Programme/Approved Electives for 2020/21
Available as a Free Standing Elective
The early twentieth century was a time of revolutions: aesthetic and political. Modernism was all about experimentation, 'making it new', and challenging traditions and conventions. Modernist Manifestos and Magazines looks at modernist literature through the lens of the little magazines and independent publications in which it was being published. It will introduce students to some of the key social and political issues of the day and the way politics were discussed by writers and artists (the political manifesto). It will also highlight some of the artistic and cultural statements of intent produced by modernist writers in the early twentieth century (the aesthetic manifestos). We will look at the major innovations in modernist prose form (May Sinclair, Dorothy Richardson, James Joyce, Ford Madox Ford and Katherine Mansfield) as well as some of the most radical and exciting (or controversial!) calls to arms in political literature (Wyndham Lewis, Zora Neale Hurston, Mina Loy, F.T. Marinetti).This module takes The Modernist Journals Project (MJP) as its core text. MJP is an exciting and comprehensive open-access archive of modernism┐s `little magazines┐. Modernist Manifestos and Magazines will look at the work of these famous and innovative modernists in its original setting.
This module aims to provide students with an understanding of the political and aesthetic values of early twentieth-century modernist literature and the material print culture from which these values emerged. They will be introduced to key aesthetic literary theories of modernity, political ideologies of the early twentieth century in the UK, America and Europe, and important modernist experimental fiction.
Intended Learning Outcomes
Experiment with different presentation formats and write/speak for different target audiences: 1,2,3Apply relevant theoretical methodologies and evaluate their usefulness: 1,2,3appraise and critique prose, poetry, and non-fiction articles from the early twentieth century in light of their cultural contexts: 1,2utilise and analyse critical approaches, and articulate this in written work: 2,3engage in close analysis of texts (poetry and prose) and communicate this in extended written form: 2carry out independent research, assimilate and synthesise research and present this in written form: 2,3devise, develop, construct, and sustain an argument in written work: 2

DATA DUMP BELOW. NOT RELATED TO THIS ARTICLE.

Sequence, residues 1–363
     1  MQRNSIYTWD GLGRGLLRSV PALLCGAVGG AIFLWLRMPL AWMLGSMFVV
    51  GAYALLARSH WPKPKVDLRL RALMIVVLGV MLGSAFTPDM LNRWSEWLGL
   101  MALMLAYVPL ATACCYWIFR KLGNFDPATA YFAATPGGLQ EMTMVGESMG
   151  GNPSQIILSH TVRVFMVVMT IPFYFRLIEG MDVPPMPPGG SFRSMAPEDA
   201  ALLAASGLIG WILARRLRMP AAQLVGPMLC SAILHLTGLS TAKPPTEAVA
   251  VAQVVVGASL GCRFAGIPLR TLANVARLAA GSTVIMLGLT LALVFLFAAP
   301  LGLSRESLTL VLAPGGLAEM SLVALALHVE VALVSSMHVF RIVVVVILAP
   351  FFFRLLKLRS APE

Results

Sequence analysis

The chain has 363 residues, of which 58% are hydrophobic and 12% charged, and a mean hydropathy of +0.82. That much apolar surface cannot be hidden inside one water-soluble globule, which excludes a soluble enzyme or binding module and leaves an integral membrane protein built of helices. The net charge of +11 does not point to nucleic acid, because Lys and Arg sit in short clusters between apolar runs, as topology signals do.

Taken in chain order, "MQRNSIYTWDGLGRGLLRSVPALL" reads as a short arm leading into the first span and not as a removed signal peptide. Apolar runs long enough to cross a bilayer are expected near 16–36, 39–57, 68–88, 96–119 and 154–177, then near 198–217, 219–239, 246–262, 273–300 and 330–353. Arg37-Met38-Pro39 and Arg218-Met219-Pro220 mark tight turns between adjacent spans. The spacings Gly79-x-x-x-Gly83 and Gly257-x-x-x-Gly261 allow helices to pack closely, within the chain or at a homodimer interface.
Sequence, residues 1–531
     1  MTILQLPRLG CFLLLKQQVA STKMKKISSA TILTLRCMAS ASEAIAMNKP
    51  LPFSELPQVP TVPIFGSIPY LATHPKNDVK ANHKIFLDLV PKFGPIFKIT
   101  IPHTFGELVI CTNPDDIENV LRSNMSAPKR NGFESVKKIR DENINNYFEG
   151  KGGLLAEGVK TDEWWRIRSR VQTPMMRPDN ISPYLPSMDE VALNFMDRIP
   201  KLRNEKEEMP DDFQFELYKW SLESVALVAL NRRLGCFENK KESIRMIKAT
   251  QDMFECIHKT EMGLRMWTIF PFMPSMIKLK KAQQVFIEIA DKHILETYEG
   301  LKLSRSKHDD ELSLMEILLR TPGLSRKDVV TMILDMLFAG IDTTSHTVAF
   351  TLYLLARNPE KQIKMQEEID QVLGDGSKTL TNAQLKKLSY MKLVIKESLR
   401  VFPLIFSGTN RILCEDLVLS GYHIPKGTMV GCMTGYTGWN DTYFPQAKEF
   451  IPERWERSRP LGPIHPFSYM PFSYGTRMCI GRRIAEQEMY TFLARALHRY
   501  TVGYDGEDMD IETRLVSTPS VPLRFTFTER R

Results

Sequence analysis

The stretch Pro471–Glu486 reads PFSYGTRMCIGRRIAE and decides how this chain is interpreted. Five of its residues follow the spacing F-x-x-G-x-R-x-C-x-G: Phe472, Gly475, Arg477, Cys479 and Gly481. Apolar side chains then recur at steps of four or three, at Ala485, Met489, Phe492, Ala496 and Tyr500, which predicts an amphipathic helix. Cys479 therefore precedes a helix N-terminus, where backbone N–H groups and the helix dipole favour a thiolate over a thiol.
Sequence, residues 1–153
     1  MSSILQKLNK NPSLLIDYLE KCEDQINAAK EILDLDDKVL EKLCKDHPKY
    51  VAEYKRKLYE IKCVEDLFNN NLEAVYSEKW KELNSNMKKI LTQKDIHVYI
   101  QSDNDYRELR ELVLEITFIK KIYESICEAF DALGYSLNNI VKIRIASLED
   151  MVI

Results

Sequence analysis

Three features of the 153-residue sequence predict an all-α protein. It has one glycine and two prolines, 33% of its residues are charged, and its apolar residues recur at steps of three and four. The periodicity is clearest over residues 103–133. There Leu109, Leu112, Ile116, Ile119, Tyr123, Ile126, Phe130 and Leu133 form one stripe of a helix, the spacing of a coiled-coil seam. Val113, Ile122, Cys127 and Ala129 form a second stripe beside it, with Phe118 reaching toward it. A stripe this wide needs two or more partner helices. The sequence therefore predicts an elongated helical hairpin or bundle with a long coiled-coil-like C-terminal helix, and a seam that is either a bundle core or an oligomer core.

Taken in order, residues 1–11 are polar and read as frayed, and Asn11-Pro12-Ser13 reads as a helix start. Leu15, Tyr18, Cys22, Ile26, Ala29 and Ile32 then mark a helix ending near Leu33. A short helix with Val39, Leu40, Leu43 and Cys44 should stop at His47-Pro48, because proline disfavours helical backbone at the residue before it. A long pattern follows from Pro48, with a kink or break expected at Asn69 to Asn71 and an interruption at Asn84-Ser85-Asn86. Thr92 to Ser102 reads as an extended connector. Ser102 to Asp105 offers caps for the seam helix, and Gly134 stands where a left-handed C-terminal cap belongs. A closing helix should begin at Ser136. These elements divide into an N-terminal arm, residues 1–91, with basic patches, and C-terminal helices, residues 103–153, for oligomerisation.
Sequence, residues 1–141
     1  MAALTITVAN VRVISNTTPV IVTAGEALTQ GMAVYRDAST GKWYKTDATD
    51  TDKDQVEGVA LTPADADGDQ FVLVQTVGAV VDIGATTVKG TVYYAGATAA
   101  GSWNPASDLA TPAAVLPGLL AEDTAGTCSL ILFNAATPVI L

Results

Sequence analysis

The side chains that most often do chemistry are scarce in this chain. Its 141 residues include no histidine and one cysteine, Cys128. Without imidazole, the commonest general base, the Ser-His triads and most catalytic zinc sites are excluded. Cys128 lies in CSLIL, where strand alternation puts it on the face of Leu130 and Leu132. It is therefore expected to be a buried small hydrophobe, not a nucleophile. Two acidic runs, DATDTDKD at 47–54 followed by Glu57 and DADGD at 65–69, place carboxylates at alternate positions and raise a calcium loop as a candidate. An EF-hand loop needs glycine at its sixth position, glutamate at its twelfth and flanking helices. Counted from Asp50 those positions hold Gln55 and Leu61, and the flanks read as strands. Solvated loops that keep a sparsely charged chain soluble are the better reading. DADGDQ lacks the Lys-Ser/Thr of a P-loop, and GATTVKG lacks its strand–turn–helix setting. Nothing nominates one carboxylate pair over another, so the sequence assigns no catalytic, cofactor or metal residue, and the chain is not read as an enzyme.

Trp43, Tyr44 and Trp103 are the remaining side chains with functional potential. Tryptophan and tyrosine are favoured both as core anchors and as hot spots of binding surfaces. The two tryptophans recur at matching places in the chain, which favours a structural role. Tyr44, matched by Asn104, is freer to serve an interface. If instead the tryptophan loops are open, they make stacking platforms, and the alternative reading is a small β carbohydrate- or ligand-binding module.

Seminars 22 Reading (directed and independent study) 89 hoursAssessment preparation 39 hours
1: Group Presentation weighted 20%
Description of Module Assessment
Group Presentation (20%)In weeks three, four, five, six and seven the seminars will be introduced by presentations by small groups of students on the history of the magazine to be studied that week (Fire!!, The English Review, Rhythm, The Egoist and The Little Review). They will be asked to research and present an overview of the magazine┐s character, aims and purposes: the background of its editors, its contributors, it circulation and target audience. What is the tone of the magazine? Who is it aimed at? Why does it publish the kind of work it does?
These presentations will be assessed in terms of their accuracy, detail of historical research, and insight into the significance of the political and material context of literary publication. Students will be assessed on the clarity and concision of their communication, on the diversity of sources used in the research, and on their ability to engage and reflect critically on the usefulness of these sources.
2: Essay weighted 70%
Research Essay (70%)Selected from a list of 8-10 essay questions (3000 words).
Students will be expected to devise and argument and to construct and sustain this argument through the analysis of texts from the magazines studied on the module (the primary texts). They will also be expected to engage with secondary criticism and to demonstrate evidence of reading beyond course materials.
3: Individual Report weighted 10%
Individual report on group presentationEach student will submit, no later than one week after their presentation, a brief outline of their individual contribution to the research for the presentation (750 words). This should include an account of the research process and evaluation of sources used.